Saturday, May 17, 2008

First steps


There are a few "Wow, I'm actually building this!" moments during the construction of an RV airplane. Today was another one. The plane is now on its main gear, an end to the days of sawhorses that started a few years ago with the laying of the longerons. Back then, I remember saying, "man, this is flimsy stuff." No more.

David and Mary Maib, who are building an RV-10 across the field, walked over to lift the fuselage enough for me to get the gear rods inserted. They are terrific people and if there's anyone working harder than these two on their project, I've never heard of them.



Earlier, I stopped over to Wipaire for a couple of elbow fittings for the brakes (still no sign that Van's supplies these with the kit) and spent time talking to Linda, who runs the parts counter on weekends and then Mary stopped by for a part. We talked about Paul Story's situation, with his wife very sick and in need of treatment.

Paul has to sell his RV-7A, which is on the field and within days of being able to fly, presumably to pay for the treatment.

Meanwhile, a few miles down the road, the Minnesota Legislature and our governor -- the man who wants to be John McCain's vice president, are talking in the most abstract terms. Gov. Pawlenty keeps raiding the Health Care Access Fund, which funds our state subsidized health care program for working Minnesotans (it's not funded with general fund tax revenues and it runs a surplus, a fact which its detractors intentionally ignore). He uses the money to balance the budget so he can keep his no-new-taxes pledge in an election year.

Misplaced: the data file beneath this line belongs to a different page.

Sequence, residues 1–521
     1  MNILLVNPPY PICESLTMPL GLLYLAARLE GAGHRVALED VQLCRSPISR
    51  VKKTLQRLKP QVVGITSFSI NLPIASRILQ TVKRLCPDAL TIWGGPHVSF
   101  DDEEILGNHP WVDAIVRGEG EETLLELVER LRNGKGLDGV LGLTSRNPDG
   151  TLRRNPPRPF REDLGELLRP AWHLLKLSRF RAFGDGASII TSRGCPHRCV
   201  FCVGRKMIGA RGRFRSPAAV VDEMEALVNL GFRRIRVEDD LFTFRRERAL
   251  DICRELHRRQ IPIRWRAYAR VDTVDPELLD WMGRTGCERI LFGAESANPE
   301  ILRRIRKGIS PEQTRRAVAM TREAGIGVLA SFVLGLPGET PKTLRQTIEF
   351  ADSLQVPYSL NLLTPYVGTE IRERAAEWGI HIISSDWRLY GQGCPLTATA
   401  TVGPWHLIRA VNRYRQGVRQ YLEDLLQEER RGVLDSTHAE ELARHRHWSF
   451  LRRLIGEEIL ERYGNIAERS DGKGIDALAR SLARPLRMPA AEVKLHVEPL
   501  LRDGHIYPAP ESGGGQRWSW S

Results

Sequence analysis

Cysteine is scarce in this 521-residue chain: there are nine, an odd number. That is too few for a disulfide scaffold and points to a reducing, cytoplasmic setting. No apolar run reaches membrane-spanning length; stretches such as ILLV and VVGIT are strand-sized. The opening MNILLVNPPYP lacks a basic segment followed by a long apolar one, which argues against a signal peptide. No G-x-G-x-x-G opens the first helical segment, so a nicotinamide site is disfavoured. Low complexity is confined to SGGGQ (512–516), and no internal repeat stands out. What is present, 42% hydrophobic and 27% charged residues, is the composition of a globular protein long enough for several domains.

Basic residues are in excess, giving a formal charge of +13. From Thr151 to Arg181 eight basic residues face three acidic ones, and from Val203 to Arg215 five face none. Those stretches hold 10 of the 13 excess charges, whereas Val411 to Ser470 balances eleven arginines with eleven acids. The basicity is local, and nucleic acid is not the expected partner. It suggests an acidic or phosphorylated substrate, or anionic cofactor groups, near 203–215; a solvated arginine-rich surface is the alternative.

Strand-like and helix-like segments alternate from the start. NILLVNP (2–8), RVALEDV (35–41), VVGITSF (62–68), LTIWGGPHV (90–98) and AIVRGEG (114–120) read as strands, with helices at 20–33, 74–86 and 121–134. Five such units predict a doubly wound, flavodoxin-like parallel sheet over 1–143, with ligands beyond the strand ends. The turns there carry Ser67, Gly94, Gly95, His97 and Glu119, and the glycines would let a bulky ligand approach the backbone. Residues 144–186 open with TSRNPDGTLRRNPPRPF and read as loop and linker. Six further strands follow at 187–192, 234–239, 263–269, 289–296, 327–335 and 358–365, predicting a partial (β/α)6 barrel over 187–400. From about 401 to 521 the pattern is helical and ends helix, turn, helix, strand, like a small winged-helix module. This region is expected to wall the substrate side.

We can argue all day and night about big government-small government and never say anything new or productive. It's a philosophical conversation, usually pointless where politics is concerned because it is devoid of reality.

Paul's and his wife's situation is repeated daily in thousands of homes around the country. It's what the ridiculous health care system in our country looks like on the ground and nobody in a country that can afford a $200 million a day war should have to tell a spouse they can't afford to treat a life-threatening illness. This state, this country can afford it; it simply chooses to spend its money on other things.

And that is an American tragedy. Shame on the politicians and to the extremists on both sides of the aisle whose allegiance is only to their political parties. Personal responsibility? Yeah, I got your personal responsibility right here. That hackneyed, catch-all phrase is used to make people feel better about their occasional lack of decency.

We're better than this.

(BTW, don't even think about trying to determine my political affiliation from the above. You'll most likely be wrong. I'm one of those strange people who agrees with the right on some things and disagrees on others. I'm one of those strange people who agrees with the left on some things and disagrees on others. That puts me, I guess, squarely in the middle... a section of the population that used to matter.)

2 comments:

  1. That puts me, I guess, squarely in the middle... a section of the population that used to matter.

    Me too. Well, at least I know that I have a neighbor now.

    It's a tough place in the political spectrum to live, and often very, very lonely.

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  2. Geez, I really need to figure out how to get that darned dog off of my Google profile.

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